A different approach to art

The unique job of an Art teacher working under the I.B. program


Lyn Cheely

IB Art teacher Mrs. Cason. Mrs. Cason plans on continuing teaching IB art in the future.

by Lyn Cheely, Staff Writer

A quiet room, the silence like white noise, formed by the sound of pencils working carefully on craft paper. It is broken only by the questioning of a curious student unsure of how to proceed, in need of artistic direction.

More than happy to help awaits Mrs. Chelsea Cason. Mrs. Cason teaches I.B. Art, an elective specific to the I.B. program designed to incorporate artistic technique, knowledge, and design into the student’s life, and prepare them for careers involving said skills.

“I hadn’t originally planned on specifically teaching an I.B. course,” Mrs. Cason said. “When I saw an opening for the job, it seemed interesting and in-depth, so I took it.”

Initially, Mrs. Cason was unsure of what direction to take in respect to how she taught the class. While the curriculum demands specific requirements such as that of the process portfolio and exhibitions, instruction of basic concepts and the direction of the class were left entirely up to her. In addition to this, the number of I.B. art students she would be teaching was minute, however, she was able to formulate a style of teaching that has since worked well for her, and more importantly, her students.

“ On a new day, walking in, we begin with a ‘starter’ question,” Mrs. Cason said. “Afterwards, I introduce the topic, and then we have a class discussion where students talk about what the topic means to them personally, and how it is relevant world-wide. Then, they go on to individual research, and the rest is up to them. I’m there if they need anything.”

According to Mrs. Cason, the progression of the course, depending on whether you take it as a high-level or a standard level course, varies considerably from that of her other art classes.

“Unlike my other classes, I.B. Art’s teaching and grading components are very vague,” Mrs. Cason said. “Other art classes, like my Drawing classes, are graded based on daily work and finished weekly products. I.B. Art, however, is graded and “tested” over a span of months, or even years if you take High-Level, as you build up your skill over the years and present products like your Process Portfolio that demonstrate consistent progression and advancement spanning over a long amount of time.”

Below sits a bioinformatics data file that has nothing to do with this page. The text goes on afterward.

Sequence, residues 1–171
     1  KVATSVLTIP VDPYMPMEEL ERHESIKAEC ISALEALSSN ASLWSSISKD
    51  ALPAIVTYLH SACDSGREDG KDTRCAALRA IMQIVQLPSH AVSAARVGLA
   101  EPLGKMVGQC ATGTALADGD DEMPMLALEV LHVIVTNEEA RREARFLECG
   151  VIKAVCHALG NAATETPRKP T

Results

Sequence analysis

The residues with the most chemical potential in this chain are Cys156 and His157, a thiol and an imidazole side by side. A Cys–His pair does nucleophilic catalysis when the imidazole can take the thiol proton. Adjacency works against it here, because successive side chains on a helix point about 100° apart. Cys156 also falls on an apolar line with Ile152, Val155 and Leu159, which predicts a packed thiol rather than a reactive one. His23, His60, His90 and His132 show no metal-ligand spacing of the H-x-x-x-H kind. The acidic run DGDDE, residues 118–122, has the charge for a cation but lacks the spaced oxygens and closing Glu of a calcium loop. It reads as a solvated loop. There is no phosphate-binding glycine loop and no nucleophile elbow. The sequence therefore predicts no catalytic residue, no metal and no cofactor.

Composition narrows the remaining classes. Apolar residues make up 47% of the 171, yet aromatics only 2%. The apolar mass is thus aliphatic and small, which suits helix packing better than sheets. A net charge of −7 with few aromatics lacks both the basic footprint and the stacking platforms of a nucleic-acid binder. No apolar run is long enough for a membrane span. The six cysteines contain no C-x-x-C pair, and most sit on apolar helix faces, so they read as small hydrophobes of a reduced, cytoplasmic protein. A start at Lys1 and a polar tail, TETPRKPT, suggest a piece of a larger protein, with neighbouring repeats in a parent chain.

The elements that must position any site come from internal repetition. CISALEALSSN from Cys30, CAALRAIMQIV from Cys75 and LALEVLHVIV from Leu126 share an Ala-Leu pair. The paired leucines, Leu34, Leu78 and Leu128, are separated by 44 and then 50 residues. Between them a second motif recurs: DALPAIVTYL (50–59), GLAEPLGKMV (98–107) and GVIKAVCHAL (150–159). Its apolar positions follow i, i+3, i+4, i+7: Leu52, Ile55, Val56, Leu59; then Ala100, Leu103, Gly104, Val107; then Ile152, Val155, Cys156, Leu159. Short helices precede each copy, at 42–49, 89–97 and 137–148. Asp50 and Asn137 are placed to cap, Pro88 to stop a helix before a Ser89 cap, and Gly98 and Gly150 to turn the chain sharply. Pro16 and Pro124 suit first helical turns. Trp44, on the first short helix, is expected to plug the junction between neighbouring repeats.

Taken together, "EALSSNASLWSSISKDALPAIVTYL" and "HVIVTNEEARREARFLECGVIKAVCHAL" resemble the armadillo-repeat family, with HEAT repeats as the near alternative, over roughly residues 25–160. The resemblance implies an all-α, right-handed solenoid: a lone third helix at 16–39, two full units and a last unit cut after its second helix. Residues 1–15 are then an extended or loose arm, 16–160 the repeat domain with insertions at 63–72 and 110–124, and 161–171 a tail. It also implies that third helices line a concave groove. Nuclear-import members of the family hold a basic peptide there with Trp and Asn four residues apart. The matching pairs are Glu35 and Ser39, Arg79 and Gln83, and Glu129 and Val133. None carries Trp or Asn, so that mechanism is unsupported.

Apparently, the type of work that I.B. Art students must complete with Mrs. Cason’s guidance is diverse, and extensive.

“Students have to submit Studio pieces (their finished products) throughout the year while meeting Texas TEKS requirements, like 200 word descriptions of each piece, and their Curatorial Rationale; explanations of the purpose and title,” Mrs. Cason said. “Like I mentioned before, they must also build up their Process Portfolio over the school year, while also working on their projects (currently, our Comparative Study). It’s my job to aid in their progression over the year(s) and help them assess how they have grown and how they can continue to improve in my class and after they graduate.”

Mrs. Cason plans to continue teaching I.B. Art, and hopes that her role as a teacher and the work she does will provide students with a passion and better understanding of Art after they graduate.

“I hope that my students will walk away with a better appreciation for art, and the role that it plays in different cultures around the world,” Mrs. Cason said. “I also hope that they will walk away with a better sense of themselves’; who they are as people, and who they are artistically. That is the goal for I.B. Art and the I.B. Program as a whole.”